More Than Apps and Gadgets

Umair Haque, who is perhaps the only economist I can read without suffering indigestion, quite rightly condemns today’s penchant for addressing social problems with yet another app. “If you believe that Ubers, tacocopters, and dating-slash-butler apps…change the world…especially this world,” he writes, “you’re not just clueless. You’re hopeless.” [1]

So what does matter? “Make a vaccine for Ebola. Give the half the world missing it clean water, education, sanitation. Fix global youth unemployment. Give women and minorities a way to use the web without being harassed.” Stuff like that. Concrete, tangible good produced that measurably and meaningfully improves the lives of people and propels us toward higher aspirations.

This is a bit of a challenge for a web-monger like me. For the last twenty years or so I’ve been scripting my own versions of things I think would help – a learning management system here, an open website on the logical fallacies there, learning networks, open online courses, and most recently, personal learning environments. It’s hard not to wonder whether I’m not just serving up more of the same slop that has led us to where we are today.

Haque is pretty clear about what is not useful. “Apps, gadgets, hearts, likes,” he writes. “Taps, clicks, swipes, screens. These numb us with comfortable titillation.” They prevent us from aspiring to something more. “Things that make people…butlers, chauffeurs, maids, courtesans…debtors, sharecroppers, zombies…don’t change anything.”

He’s right, of course. The best inventions are liberating. They give us life, they nourish us, they advance us, they engage us, they empower us. They are not things that help us to become better workers, better servants, better employees.

That, if I may share a secret, is what has always bothered me about my work in education. In so many ways, we are either working to keep in power those who are already in power, providing them elite educations at exclusive universities, or we are perpetuating the servitude of the working people, teaching employment skills and vocational trades to the children of factory workers and farmers. And educators themselves, especially in today’s outcomes-based environment, are so often cast in the role of the butler or the maid, pandering to, rather than enlightening, the children of our employers.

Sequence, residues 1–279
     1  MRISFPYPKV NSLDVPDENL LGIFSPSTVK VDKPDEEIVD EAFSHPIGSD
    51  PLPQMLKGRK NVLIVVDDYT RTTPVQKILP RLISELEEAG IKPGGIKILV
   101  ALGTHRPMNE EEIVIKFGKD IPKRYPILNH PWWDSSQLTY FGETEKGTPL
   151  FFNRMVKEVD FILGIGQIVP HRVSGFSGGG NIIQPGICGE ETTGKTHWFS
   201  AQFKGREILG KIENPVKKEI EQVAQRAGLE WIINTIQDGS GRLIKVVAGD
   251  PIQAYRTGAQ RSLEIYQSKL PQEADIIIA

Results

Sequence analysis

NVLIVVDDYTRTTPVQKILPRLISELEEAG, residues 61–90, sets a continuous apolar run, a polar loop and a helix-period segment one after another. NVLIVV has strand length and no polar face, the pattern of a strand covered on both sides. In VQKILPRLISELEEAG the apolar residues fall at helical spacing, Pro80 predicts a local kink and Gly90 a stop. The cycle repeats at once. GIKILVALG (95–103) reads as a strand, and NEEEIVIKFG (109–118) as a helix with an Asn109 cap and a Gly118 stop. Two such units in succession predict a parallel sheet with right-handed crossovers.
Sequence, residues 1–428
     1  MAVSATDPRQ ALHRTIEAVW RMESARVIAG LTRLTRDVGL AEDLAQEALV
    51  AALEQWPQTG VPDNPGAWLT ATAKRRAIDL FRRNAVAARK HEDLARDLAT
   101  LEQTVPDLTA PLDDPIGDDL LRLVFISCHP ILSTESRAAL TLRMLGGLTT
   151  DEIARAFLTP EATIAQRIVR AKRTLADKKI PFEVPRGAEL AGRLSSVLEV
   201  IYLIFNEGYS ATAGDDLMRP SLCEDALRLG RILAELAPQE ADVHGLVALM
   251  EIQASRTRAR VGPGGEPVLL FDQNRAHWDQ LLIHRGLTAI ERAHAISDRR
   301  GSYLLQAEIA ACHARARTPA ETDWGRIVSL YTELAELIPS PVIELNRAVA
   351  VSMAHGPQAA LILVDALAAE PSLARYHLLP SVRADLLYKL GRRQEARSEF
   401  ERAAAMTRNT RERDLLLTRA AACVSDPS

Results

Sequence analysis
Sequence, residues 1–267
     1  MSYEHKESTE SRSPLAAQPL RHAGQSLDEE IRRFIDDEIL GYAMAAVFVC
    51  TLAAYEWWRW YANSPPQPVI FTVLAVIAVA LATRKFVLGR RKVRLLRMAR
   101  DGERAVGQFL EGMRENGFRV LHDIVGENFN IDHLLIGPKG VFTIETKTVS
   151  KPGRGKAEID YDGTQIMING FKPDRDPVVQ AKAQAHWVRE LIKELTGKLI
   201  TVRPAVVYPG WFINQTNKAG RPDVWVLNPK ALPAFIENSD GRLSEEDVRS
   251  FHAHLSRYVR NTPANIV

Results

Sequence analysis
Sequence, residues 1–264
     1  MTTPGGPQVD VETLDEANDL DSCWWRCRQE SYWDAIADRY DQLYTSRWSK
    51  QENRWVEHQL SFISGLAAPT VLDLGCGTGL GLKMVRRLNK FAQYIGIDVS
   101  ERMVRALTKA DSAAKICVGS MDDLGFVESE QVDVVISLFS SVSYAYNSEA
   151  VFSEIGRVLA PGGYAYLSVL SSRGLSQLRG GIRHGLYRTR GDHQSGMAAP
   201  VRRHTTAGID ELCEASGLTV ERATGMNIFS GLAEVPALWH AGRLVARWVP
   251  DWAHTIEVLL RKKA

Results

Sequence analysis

I’ve always aspired to something more. I’ve always believed that at the end of my career, when I looked back, I would look on a body of work that led to something more significant than an app or a servlet.

That is why I am engaged not merely in the development of learning technology, but also engaged in the development of means, methods and mechanisms to deliver open learning – with ‘open’ being thought of in the widest and most liberating sense. And when I design educational systems – even when I am working with partners in government and industry – I am first and foremost thinking of my client as the students and learners themselves. And that is why I think in terms not of pedagogy and learning design, but in terms of self-management and personal development.

Educational technology is meaningless if it is not also liberating technology. The purpose of education is not to serve certain social objectives or as a means to employment, but rather to place in the hands of the learner the best and most useful set of tools possible to enable him or her to choose and forge the best quality life for themselves, or as John Stuart Mill would say, to pursue their own good in their own way. Because I believe the best society and the best employment are not those defined by one person over another, but those chosen and built by the people themselves.

We need to remember this when we are building our trinkets and baubles. We can build a better world out of the simplest elements, but only if we image what a better world is like, and refuse to be swayed on our pursuit of it.


[1] Umair Haque. What it Means to Change the World. Medium. https://medium.com/bad-words/what-it-means-to-change-the-world-d2b2bf50d9d4

Disclaimer: This publication has been licensed by The National Research Council of Council. Content may be re-published and shared on the condition that all attributions and acknowledgement is given to the author Stephen Downes and The National Research Council of Canada. Note, this article falls under copyright to the Crown in Right of Canada, that is, to the Government of Canada.